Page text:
At the same time there was pressure on the Ministry of Defence. It came from many sources and from many letters that went through the National Security Council (NSC). I remember I accidentally met a senior representative of the NSC who told me, “if you will not cancel the tender, the relationships between Mrs. Merkel and the Prime Minister will be your responsibility. If she will vote against the [Israeli] settlements [in the West Bank], you will know that you deserved it”, he said. When he was asked if the NSC’s representative was Avriel Bar Yosef, who was questioned about it, he neither confirmed nor denied.

He also added, “There was an event I attended in Germany. Late at night I received a phone call from the same person. He said he wanted to meet me in Germany and that the Germans really intend to give us this grant, so we should cancel the tender. This man represented the NSC. He represented the Prime Minister.”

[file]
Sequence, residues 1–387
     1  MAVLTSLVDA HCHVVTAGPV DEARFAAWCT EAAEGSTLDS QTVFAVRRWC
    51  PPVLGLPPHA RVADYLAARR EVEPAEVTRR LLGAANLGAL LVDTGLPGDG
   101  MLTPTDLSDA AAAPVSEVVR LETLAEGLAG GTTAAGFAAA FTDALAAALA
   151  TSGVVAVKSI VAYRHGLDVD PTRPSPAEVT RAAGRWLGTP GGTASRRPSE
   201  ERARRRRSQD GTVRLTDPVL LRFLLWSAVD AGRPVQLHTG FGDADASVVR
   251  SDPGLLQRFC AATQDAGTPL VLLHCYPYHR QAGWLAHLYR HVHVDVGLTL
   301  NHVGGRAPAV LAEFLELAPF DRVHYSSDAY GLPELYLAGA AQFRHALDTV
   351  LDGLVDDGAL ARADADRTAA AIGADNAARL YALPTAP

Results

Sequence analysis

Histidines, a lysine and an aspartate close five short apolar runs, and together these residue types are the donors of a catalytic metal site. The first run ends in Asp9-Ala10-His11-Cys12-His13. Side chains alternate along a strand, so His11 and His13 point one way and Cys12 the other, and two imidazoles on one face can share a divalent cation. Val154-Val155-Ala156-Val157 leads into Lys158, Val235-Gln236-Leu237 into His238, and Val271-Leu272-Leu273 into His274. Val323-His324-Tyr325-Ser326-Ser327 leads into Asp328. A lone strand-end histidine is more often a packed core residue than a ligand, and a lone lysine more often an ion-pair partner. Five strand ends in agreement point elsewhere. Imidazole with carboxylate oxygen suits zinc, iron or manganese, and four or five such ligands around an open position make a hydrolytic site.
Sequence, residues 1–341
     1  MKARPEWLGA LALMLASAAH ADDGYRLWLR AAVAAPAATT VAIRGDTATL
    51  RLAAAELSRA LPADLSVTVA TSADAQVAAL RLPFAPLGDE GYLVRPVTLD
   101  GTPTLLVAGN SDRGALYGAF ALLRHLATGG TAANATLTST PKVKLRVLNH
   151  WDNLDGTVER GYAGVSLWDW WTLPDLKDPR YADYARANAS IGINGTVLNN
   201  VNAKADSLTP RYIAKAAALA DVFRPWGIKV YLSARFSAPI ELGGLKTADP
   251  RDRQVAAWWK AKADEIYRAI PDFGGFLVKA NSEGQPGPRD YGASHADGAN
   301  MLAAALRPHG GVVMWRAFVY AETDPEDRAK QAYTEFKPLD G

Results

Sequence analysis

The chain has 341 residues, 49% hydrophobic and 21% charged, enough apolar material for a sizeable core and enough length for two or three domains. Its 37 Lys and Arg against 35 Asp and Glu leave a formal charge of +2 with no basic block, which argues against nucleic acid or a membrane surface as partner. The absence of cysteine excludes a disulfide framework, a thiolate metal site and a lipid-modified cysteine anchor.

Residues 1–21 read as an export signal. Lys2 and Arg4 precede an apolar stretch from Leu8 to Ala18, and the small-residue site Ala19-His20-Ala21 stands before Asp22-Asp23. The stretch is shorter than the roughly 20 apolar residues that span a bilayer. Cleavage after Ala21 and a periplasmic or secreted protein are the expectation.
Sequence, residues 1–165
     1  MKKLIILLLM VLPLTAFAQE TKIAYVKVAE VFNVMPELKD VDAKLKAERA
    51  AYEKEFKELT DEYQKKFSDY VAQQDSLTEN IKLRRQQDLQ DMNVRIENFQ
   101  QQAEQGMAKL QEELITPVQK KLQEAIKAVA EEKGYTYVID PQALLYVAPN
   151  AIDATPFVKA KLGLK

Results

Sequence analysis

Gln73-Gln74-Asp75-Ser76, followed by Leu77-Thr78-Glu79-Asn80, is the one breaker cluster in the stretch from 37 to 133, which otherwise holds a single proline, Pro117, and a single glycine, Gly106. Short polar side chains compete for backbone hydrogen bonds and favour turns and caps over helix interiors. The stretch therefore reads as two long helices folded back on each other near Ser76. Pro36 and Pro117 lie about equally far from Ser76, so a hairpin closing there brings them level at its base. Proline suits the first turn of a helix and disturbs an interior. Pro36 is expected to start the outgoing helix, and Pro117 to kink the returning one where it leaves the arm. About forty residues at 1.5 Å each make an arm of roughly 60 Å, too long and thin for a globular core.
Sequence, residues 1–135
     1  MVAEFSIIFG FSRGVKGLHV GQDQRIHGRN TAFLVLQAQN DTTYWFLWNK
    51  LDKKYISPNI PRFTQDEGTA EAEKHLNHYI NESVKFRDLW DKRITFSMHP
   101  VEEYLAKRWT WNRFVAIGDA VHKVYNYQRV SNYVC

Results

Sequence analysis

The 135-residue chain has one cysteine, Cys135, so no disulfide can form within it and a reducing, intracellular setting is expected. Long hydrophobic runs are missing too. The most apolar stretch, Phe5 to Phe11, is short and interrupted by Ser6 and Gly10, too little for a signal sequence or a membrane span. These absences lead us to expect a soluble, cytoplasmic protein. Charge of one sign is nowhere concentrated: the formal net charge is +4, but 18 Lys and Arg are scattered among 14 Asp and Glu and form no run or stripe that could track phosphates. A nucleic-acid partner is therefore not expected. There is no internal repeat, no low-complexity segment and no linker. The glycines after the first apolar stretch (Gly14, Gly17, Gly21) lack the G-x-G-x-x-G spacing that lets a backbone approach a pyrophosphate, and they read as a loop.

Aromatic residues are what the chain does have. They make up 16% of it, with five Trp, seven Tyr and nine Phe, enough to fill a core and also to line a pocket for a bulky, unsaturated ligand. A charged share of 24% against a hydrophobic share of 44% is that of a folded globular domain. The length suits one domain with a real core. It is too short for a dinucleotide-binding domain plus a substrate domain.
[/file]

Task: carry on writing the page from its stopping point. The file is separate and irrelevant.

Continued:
It is unlikely that the German pressure impressed Netanyahu, who did not succumb to a much heavier pressure put on him by former US president Barack Obama. Since nothing is free in this business, it is likely that Merkel did not only pressurize, but also made a very tempting offer. Merkel had a clear interest to create or maintain jobs in Germany and, as mentioned above, in light of past experience we cannot dismiss the possibility that the Chancellor or her party were bribed by the company. In any case, there cannot be any doubt that the German government decided to subsidize ThyssenKrupp. It is hard to determine the size of the sum. Publically the subsidy covered “only” a third of the submarines’ price. Based on former cases it could, however, be much higher, and it was not only through a German pledge to buy Israeli goods for equal price.